The E-2 Visa was designed to grant foreign nationals U.S. entry for the purpose of fostering business and the U.S. economy. Depending on factors like your country of nationality, the scope of your investments in U.S. enterprises, and the extent to which you control those enterprises, you could be eligible to obtain an E-2 Visa through the help of an E-2 visa attorney. In this article we’ll explain the E-2 Visa eligibility requirements, including the list of treaty countries approved by USCIS, bona fide enterprises, and substantial versus marginal investments.
Which Treaty Countries Are Eligible for E-2 Visas?
Although the E-2, L-1, and EB-5 all generally involve investment in the United States, investors must bear in mind several significant distinctions between these visas’ objectives and requirements. The L-1 Visa, for example, is designed to facilitate inter-company transfers involving executives and managers, while the EB-5 Visa is oriented toward promoting U.S. job growth through investments in new commercial enterprises. The E-2 Visa likewise is designed to stimulate the U.S. economy through investment by a foreign national, though unlike the EB-5 Visa there is technically no job growth requirement. If you’re unsure about which visa best fits your employment or investment situation, the immigration attorneys of Colombo & Hurd can help you navigate your options. If the E-2 Visa still seems like the most appropriate visa for your circumstances, it’s time to examine the five basic E-2 eligibility requirements set forth by USCIS, or U.S. Citizenship and Immigration Services. USCIS’ first requirement states, “As a treaty investor, you must be coming to the United States to invest in a new or existing enterprise.” There are really two components to this single requirement. First, in order to be considered a treaty investor, you must be either a national or citizen of a country which has formally entered a “bilateral treaty of commerce and navigation” with the U.S. The U.S. State Department has the most up-to-date list of the treaty countries that you can reference here. The investment itself must be channeled toward either (1) helping to found a new business, or (2) buying an existing business. Additionally, the investment must be deemed “substantial,” which we will address in detail later on. For the time being, let’s look at the next USCIS requirement: “Your investment must be in a bona fide enterprise and may not be marginal.” What does that mean?
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How USCIS Defines Bona Fide Enterprises and Substantial Investments
Under 8 CFR 214.2(e)(13), a “bona fide enterprise” is one which is “real [and] active,” and which tangibly, demonstrably “produces services or goods for profit.” This means USCIS will not accept business blueprints, plans, pitches or projections alone. While there are no hard financial thresholds or tables to follow — an ambiguity which often leads to confusion — in general terms a “marginal” investment is one which yields just enough profit to cover basic living and business expenses. To escape this classification and pass the Marginality Test, in accordance with 8 CFR 214.2(e)(15) the business must earn enough money to “make a significant economic contribution,” such as creating jobs or donating to charities, ideally within five years of opening for business. In order to prove to USCIS that your enterprise is both bona fide and non-marginal, you will have to submit documents such as tax returns, bank statements, and payroll summaries where applicable. To pass the third requirement, “You must be in possession of the funds you will invest and the funds must be committed to your business.” Tentative, hypothetical, and noncommittal loans are unacceptable and will not pass USCIS’ E-2 Visa criteria: funding for the business must be guaranteed to be in place, which you can potentially prove with documents like leases or stock purchase agreements. Such funding must also be considered “substantial,” which brings us back to the question of what substantial means in practical terms. As with the term “marginal,” unfortunately there is no single dollar amount to which investors can easily refer. However, 8 CFR 214.2(e)(14) provides several gauges for better clarity. For example, the amount of funding must:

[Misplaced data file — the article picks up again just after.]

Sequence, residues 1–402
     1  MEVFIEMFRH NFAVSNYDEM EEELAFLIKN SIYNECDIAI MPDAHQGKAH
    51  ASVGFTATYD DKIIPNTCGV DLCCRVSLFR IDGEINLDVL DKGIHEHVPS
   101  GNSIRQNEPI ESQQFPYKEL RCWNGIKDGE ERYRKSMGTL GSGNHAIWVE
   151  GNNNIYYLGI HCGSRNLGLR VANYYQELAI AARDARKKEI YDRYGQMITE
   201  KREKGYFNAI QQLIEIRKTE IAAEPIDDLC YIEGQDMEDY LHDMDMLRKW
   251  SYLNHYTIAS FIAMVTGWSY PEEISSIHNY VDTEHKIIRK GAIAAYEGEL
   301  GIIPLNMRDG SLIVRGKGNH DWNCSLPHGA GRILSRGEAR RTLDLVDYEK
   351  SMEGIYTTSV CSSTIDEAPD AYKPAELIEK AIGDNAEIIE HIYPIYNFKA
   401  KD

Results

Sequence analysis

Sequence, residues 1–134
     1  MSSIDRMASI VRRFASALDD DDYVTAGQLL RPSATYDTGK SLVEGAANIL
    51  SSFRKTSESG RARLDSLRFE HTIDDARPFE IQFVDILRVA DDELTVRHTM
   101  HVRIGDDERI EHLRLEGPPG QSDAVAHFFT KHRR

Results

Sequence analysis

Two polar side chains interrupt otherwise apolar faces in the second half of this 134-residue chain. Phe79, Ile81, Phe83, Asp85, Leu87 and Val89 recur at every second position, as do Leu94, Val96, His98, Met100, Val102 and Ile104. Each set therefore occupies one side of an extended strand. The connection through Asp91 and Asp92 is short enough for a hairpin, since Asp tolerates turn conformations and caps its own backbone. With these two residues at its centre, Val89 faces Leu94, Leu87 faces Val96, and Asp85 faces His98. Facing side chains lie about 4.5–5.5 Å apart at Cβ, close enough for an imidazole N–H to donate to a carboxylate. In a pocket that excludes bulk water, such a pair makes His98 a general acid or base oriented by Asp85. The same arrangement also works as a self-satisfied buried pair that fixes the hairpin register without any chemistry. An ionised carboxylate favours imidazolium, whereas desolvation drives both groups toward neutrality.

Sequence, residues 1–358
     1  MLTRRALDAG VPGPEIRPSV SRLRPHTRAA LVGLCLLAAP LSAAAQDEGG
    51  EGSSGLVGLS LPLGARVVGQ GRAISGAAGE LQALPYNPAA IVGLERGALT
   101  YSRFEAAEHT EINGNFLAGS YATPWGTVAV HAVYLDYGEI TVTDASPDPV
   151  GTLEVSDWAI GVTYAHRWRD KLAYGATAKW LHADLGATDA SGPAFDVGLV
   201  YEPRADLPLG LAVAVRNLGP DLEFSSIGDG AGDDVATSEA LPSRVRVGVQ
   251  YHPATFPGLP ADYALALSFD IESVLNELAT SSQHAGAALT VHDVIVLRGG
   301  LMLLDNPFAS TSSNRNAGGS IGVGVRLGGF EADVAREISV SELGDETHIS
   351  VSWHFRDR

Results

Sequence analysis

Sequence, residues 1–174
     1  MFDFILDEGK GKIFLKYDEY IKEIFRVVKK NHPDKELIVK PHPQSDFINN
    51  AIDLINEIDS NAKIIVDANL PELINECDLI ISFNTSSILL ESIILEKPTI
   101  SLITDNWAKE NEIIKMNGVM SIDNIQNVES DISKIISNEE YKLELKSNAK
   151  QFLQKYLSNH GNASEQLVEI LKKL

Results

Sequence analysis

- Be proportionally substantial compared to the overall cost of launching or buying the business.
- Guarantee at least the possibility of successful operation (and the investor’s dedication to such operation).
The fourth criteria holds that you “must be able to provide the source of your funding.” Toward that end, you will have to submit documents such as tax returns and loan agreements to USCIS for review. Finally, you “must be coming to the United States to develop and direct the enterprise.” You may satisfy this criteria by proving that either:
- You own a minimum of 50% of the business.
- You control the entity’s daily operations.
E-2 Visas have allowed countless investors to achieve commercial success in the United States. However, understanding and complying satisfactorily with USCIS’ complex eligibility requirements can be a challenge. The experienced Orlando immigration lawyers of Colombo & Hurd can help you explore your investor visa options and guide you through the application process, including legal issues pertaining to change of status and visa denials. To arrange for a private consultation, call our law offices right away at (800) 659-7142.